At least one of the elongation member and the load-supporting outer sheath may be selected from the group consisting of woven materials, braided materials, knitted materials, non-woven materials, and combinations thereof.

The lanyard may have a portion which has the elongation member extending from inside of the outer sheath to an exterior surface of the outer sheath.

Another lanyard according to the present invention has a tubular-shaped webbing, and heat-shrunk elongation yarns inside of the tubular-shaped webbing. The lanyard also has first and second spaced apart binder portions in which the heat-shrunk elongation yarns are secured to the tubular-shaped webbing. An expansion portion is provided between the first and second binder portions in which the heat-shrunken elongation yarns are extensible relative to the tubular-shaped webbing and the tubular-shaped webbing is in a gathered position.

The lanyard may also have a binder yarn, wherein the heat-shrunken elongation yarns are secured to the tubular-shaped webbing by the binder yarn.

The heat-shrunk elongation yarns may be secured to the tubular-shaped webbing by the heat-shrunk elongation yarns and yarns of the tubular-shaped webbing being interlaced together. Also, the lanyard may have a binder yarn interlaced with the heat-shrunk elongation yarns and the yarns of the tubular-shaped webbing.

The heat-shrunk elongation yarns may be secured to the tubular-shaped webbing by stitching.

At least one of the heat-shrunk elongation yarns and the tubular-shaped webbing is selected from the group consisting of woven materials, braided materials, knitted materials, non-woven materials, and combinations thereof.

The lanyard may have another binder portion in which the heat-shrunk elongation yarns are secured to the tubular-shaped webbing with a different structure than the first and second binder portions.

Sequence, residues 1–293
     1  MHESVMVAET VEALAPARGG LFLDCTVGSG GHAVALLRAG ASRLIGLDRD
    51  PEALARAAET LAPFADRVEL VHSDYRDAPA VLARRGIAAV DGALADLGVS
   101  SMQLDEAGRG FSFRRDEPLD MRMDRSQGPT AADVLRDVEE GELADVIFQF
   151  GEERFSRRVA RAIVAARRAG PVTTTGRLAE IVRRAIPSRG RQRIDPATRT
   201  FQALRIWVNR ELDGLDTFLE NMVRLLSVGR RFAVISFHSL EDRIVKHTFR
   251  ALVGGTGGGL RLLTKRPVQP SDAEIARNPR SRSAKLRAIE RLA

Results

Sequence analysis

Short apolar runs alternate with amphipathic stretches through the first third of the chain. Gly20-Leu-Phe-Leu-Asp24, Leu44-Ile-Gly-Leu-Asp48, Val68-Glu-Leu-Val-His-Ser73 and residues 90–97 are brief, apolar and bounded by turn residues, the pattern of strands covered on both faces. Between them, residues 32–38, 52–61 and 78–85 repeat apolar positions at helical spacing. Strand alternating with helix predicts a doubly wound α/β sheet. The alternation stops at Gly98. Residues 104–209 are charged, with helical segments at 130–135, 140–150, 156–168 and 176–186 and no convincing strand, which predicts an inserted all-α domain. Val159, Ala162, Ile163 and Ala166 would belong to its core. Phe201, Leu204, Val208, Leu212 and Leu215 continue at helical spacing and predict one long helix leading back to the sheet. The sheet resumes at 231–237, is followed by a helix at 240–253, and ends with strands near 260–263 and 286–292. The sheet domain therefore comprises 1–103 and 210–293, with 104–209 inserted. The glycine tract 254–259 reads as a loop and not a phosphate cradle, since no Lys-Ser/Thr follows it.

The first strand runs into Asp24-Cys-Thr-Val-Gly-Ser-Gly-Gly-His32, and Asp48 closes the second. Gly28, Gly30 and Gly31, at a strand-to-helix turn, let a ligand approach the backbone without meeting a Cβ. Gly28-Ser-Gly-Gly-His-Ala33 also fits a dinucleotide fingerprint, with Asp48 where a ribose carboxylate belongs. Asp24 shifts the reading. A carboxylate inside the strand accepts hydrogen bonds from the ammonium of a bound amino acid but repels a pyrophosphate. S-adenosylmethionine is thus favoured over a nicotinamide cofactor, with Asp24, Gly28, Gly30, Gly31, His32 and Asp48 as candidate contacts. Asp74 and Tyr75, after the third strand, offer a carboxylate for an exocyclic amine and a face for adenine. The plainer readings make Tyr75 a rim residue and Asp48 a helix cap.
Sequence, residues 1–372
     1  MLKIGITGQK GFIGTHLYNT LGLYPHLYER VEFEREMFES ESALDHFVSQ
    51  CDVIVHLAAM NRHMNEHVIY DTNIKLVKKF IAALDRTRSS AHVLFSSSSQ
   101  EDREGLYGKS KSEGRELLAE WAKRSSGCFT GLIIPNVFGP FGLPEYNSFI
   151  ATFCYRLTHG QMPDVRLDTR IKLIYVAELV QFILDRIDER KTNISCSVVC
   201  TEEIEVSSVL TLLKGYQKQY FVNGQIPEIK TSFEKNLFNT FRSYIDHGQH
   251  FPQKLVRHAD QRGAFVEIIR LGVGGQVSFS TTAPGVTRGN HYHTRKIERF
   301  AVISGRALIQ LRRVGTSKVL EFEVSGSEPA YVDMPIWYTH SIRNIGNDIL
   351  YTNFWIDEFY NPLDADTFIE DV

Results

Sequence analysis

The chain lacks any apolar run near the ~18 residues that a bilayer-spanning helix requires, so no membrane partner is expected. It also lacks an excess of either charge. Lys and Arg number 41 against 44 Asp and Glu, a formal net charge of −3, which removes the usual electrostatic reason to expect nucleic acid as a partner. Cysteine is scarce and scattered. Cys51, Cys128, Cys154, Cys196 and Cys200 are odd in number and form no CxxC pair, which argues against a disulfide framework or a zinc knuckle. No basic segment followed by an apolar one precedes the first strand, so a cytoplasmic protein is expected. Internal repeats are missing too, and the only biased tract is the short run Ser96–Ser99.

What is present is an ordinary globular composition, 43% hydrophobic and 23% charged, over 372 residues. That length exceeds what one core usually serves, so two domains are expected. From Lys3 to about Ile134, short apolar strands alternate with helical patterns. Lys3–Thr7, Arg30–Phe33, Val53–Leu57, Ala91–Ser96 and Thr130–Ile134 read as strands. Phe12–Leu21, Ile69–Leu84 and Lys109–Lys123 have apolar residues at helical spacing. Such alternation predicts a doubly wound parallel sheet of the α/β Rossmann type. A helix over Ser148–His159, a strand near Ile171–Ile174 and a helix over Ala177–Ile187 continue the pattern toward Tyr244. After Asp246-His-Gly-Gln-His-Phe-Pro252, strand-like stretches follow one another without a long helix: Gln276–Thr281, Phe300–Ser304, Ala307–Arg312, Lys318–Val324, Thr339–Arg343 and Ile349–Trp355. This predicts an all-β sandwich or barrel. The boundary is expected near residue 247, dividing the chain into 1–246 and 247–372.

The lanyard may also have a hardware attachment portion having the heat shrunk elongation yarns extending from inside of the tubular-shaped webbing to an outside of the tubular-shaped webbing.

One method of making a lanyard according to the present invention includes forming an outer sheath and elongation yarns within the outer sheath; securing the elongation yarns to the outer sheath at connection locations; and reducing a length of the elongation yarns between a pair of the connection locations.

The reducing step of the lanyard making method may include heat treating at least the elongation yarns.

The securing step of the lanyard making method may include interweaving a binder yarn with the elongation yarns and yarns of the outer sheath.

In the method of making a lanyard, the securing step may include interweaving the elongation yarns and yarns of the outer sheath. The securing step may further include interweaving a binder yarn with the elongation yarns and the yarns of the outer sheath.

The securing step of the method may include sewing the elongation yarns and the yarns of the outer sheath together.

In the method of making a lanyard, the reducing step may not substantially reduce a length of the outer sheath between the pair of connection locations.

One advantage of the present invention is to provide improved lanyards, such as improved shock absorbing lanyards.

An advantage of the present invention is to automatically adjust the relative lengths of a high elongation member and a load bearing member of a shock absorbing lanyard.

Another advantage of the present invention is to form a shock absorbing lanyard by shrinking the length of a shock absorbing member relative to a load bearing web.

Another advantage of the present invention is to provide improved shock absorbing lanyards which have a shock absorbing member and a load bearing web woven together.

Yet another advantage of the present invention is to provide lanyards which can stop a person's fall while reducing the shock force to the person.

Further advantages of the present invention are to improve manufacturing of lanyards and reduce costs of lanyards.